By the time City were next due to play Wimbledon away, they had moved to Milton Keynes and a season later they became the MK Dons. Meanwhile the real Wimbledon were embarking on a fast-paced journey back into the Football League. The ‘rivalry’ consigned to the past as fans around the world including City deeply admired what Wimbledon fans were doing; but when a year ago I wrote an article for TwoHundredPercent about City’s 10-year decline, a couple of Wimbledon fans posted reader comments expressing no sympathy for our suffering. Understandable, because what they had gone through was far worse; but also a sign that past clashes were not forgotten.

The point of recalling these incidents is not to stoke up ill-feeling between two sets of supporters properly meeting this Saturday for the first time at Valley Parade since a 3-3 draw in October 2001. But the fact there is a ‘history’ between the two clubs is worth recalling in order to provide Wimbledon supporters with the respect they deserve.

Respect for what they have achieved since reforming at the bottom is widespread and well documented of course. There is huge inspiration to be taken from the way they sought to preserve the heart and soul of their football club, when disgraceful actions were undertaken by people who were supposed to share their best interests. The meteoric rise is arguably the football success story of the past decade, and like everyone else one hopes the day is coming when they overtake the Buckinghamshire club who stole their identity.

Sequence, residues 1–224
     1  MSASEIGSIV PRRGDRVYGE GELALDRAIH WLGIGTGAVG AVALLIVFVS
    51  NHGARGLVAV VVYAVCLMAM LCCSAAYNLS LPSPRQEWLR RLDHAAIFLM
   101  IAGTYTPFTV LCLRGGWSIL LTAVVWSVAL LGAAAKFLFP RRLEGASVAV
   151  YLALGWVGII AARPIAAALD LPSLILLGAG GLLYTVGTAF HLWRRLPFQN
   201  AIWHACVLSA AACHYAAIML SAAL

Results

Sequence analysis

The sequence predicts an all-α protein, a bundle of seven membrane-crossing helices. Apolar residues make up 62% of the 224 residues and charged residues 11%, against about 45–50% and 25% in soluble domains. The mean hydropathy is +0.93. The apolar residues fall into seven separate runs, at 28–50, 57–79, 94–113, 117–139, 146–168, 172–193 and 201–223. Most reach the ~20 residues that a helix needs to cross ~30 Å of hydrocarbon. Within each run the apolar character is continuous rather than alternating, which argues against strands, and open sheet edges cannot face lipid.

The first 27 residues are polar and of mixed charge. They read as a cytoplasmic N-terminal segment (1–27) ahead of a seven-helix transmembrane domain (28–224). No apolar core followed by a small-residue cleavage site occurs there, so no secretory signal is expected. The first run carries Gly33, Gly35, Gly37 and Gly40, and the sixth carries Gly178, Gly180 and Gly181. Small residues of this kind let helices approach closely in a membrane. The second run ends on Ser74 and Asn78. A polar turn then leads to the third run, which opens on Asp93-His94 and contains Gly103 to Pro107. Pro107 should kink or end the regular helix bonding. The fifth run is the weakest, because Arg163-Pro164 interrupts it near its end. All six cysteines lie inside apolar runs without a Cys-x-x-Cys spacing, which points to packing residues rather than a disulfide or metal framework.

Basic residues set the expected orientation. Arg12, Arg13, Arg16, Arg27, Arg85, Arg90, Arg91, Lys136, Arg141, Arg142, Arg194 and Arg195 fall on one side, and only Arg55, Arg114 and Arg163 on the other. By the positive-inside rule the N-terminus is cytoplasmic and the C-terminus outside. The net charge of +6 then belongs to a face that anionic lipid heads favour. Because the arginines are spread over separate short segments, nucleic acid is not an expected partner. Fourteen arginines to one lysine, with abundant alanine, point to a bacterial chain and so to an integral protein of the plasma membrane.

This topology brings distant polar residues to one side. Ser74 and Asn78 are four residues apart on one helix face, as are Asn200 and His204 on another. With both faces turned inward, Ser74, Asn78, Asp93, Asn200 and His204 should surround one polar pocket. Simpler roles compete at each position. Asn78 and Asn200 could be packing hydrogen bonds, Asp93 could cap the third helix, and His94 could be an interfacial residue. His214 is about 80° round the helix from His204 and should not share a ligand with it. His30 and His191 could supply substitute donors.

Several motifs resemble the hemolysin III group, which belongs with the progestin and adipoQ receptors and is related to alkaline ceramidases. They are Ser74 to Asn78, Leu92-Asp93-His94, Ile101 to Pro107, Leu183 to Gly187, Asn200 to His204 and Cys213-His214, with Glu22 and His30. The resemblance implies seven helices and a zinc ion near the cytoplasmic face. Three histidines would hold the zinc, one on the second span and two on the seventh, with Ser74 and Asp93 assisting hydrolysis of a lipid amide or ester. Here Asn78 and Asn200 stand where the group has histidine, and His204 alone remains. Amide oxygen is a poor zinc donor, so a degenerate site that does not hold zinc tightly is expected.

Yet there’s only so much patting on the back before we cross over into patronising. And though we can buy their fans a drink before kick off, and smile warmly for them as their players walk out into a stadium which had so much significance in their demise 11 years ago, the fact is they are now a rival in our division and deserve to be treated as such.

For if there is a lesson to be learned from reading opposition fans write your achievements off as “whippet racing, Rugby League watching simpletons” it is the dangers of underestimating the club you are facing.

When Wimbledon came to Valley Parade towards the end of that Premier League relegation battle, Hartson was infamously said to have sought advice from Dons hero Vinnie Jones that intimidating City’s “hard man” (Stuart McCall) in the tunnel before kick off would cause the Bantams to crumble. He tried, he failed.